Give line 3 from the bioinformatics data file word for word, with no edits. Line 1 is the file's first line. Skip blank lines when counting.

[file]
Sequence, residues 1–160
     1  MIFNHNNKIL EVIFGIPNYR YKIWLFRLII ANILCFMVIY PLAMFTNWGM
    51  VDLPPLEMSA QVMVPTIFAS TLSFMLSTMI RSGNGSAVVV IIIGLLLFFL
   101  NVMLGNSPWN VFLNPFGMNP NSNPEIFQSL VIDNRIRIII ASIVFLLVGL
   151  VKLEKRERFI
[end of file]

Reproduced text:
    51  VDLPPLEMSA QVMVPTIFAS TLSFMLSTMI RSGNGSAVVV IIIGLLLFFL